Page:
11 every day, and more who may not yet know.
The City of Toronto has designated March 2023 as Multiple Myeloma Awareness Month!
On Wednesday, March 1st, the TORONTO sign will be lit up in RED at City Hall & Nathan Phillips Square in honour of Multiple Myeloma Awareness Month. To mark this occasion, I am using this as an opportunity to share some information about this pesky disease that has been part of my life for 11 long, roller coaster years, and to ask for your assistance in making the public in general, and family doctors in particular, become aware of the signs of Multiple Myeloma, or simply, myeloma.
Until I was diagnosed with it, I had not heard of myeloma. The first time I was told I had myeloma, I heard the term melanoma., which is a bit more familiar. Melanoma refers to the cancer of the skin. Myeloma, on the other hand, is a blood cancer associated with the abnormal growth of a type of white blood cell, the plasma cell. Plasma cells are found in the bone marrow and and are an important part of the body’s immune system because they produce antibodies. In myeloma, too many plasma cells are produced in the bone marrow and they crowd out and mess up the production of good, healthy red blood cells, white blood cells and platelets in the bone marrow. Myeloma does not show up as a lump or tumour. It just multiplies uncontrollably in the bone marrow. The reason the disease is called “Multiple Myeloma” is because it can affect several places in the body at the same time where the bone marrow is active. This includes the spine, skull, pelvis, rib cage, arms and legs, shoulders and hips.
Myeloma is not particularly well-known or familiar. It is also hard to diagnose because the symptoms can be associated with other illnesses. Sometimes I worry that many Canadians may not receive their diagnosis for months or even years because doctors don’t know what to look for or how to diagnose it. And yet, delays in a diagnosis can lead to poorer prognosis and more disease-related complications, which severely impact quality of life and longevity.
The symptoms of myeloma generally fall into four categories, collectively known as CRAB: Unusually elevated Calcium levels (“C”); high kidney markers (“R” for Renal); abnormally low hemoglobin, fatigue and weakness (“A” for Anemia); and bone pain and/or fractures (“B”). Myeloma patients are highly immunocompromised, which can result in frequent or recurring infections. There are approximately 8,000 people living with myeloma in Canada. Every day, 11 Canadians are diagnosed with myeloma. And yet, despite its growing prevalence, the cause of myeloma is unknown and there is no cure for myeloma as of yet. Treatment for myeloma is in the form of chemotherapy and stem cell transplant(s) for eligible patients. Typically, this will bring about some remission until the patient relapses and the myeloma makes its comeback.
There have been significant advancements in research and treatment leading to new therapies for this disease. This research has enabled patients like me who are impacted by myeloma to live better and longer lives than ever before. When I was diagnosed 11 years ago, the average duration of living with the disease (known as “PFS” – Progression Free Survival) was 2 – 2.5 years; today, it is approximately 6 years. Having been through multiple chemotherapy treatments and two stem-cell transplants, my current treatment includes immunotherapy, a newer treatment, that works by stimulating the body’s immune system to to recognize and eliminate myeloma cells. I get this treatment at The Princess Margaret Cancer Centre bi-weekly. Preliminary results show that this treatment is working incredibly well for me, beyond expectations. The plan is for me to continue on this treatment indefinitely (bi-weekly until June, then monthly thereafter), until the myeloma comes back, which is expected to happen in about 3 – 3.5 years. Once the myeloma relapses, I will likely be put on a clinical trial. A few of my friends who have relapsed many times are now going through a very exciting , state-of-the-art, costly CAR-T treatment. CAR-T is proving to be successful in curing patients with leukemia and lymphoma, but not yet for myeloma. CAR-T involves altering the DNA inside certain immune cells to help them attack the cancer.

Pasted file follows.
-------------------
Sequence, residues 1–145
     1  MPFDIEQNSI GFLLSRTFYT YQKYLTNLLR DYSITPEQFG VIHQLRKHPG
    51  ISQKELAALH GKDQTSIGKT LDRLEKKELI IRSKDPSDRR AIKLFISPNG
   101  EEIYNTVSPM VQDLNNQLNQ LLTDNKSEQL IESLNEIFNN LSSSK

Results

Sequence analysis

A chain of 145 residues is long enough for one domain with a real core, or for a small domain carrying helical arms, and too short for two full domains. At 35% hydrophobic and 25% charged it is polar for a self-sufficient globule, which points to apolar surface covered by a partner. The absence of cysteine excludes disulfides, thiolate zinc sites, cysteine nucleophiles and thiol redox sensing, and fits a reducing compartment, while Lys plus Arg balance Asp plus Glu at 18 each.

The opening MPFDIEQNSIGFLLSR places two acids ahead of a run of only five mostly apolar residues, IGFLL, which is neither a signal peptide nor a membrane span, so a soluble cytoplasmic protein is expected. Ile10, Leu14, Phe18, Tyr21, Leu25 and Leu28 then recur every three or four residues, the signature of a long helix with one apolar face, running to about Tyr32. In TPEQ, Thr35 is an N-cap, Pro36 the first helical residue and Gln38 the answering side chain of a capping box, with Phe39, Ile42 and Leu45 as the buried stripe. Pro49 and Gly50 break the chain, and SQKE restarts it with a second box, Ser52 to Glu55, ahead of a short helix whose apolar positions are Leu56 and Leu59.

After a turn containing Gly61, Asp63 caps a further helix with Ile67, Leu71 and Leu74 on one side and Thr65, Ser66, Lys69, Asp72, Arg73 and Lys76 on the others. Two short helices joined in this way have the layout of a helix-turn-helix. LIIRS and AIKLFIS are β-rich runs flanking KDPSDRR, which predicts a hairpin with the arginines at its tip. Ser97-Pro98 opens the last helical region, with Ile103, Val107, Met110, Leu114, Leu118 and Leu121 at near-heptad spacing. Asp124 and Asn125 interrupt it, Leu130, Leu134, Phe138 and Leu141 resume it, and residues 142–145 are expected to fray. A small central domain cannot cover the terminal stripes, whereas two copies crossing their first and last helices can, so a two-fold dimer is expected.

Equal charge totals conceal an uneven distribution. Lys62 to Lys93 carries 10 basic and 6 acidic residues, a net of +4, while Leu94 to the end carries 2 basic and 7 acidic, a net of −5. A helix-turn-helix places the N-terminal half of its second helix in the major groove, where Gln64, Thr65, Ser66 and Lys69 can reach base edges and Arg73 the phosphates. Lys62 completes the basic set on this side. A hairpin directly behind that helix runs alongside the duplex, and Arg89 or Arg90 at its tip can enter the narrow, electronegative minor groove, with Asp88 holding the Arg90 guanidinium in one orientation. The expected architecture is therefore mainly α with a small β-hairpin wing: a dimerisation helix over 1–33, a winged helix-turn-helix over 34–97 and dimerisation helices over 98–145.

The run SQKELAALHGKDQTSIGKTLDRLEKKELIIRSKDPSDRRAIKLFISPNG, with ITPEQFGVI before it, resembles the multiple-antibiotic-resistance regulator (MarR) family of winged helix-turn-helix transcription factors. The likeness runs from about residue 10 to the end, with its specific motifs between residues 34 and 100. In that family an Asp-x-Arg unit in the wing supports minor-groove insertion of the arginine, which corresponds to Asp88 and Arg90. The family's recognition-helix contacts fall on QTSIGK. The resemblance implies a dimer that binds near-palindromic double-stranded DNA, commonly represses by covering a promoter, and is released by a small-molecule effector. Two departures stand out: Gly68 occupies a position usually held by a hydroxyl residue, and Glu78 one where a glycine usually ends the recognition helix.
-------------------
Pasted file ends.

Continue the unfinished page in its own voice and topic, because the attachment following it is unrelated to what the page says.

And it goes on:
To make this treatment, immune cells called T cells are taken from the person’s blood. The T cells are then frozen and sent to a lab, where they are genetically altered so they have specific receptors (called chimeric antigen receptors, or CARs) on their surface. These receptors help the T cells attach to proteins on cancer cells. The T cells are then multiplied in the lab, which typically takes a few weeks. Once the CAR-T cells are ready, the patient gets chemotherapy for a few days to help prepare the body. Then the CAR-T cells are infused back into the patient’s blood, where they can seek out the cancer cells and help the immune system attack them. If the researchers find a way to make this work, it may finally result in a cure for myeloma. That would be miraculous!
Now to my ask…
To mark Multiple Myeloma Awareness Month, I have a huge favour to ask. Below is a “layperson’s guide” to Multiple Myeloma. If every person reading this would print a copy of it and share it with their doctor, it would make a huge difference in catching this disease early and helping patient outcomes. This one-pager can quickly familiarize doctors with what to look for if they get a patient who might present with myeloma symptoms. You can make a significant difference in the life of many individuals!
Oh, and keep a look out for billboards on the 400-series highways, featuring photos of 11 people living with Multiple Myeloma (including moi):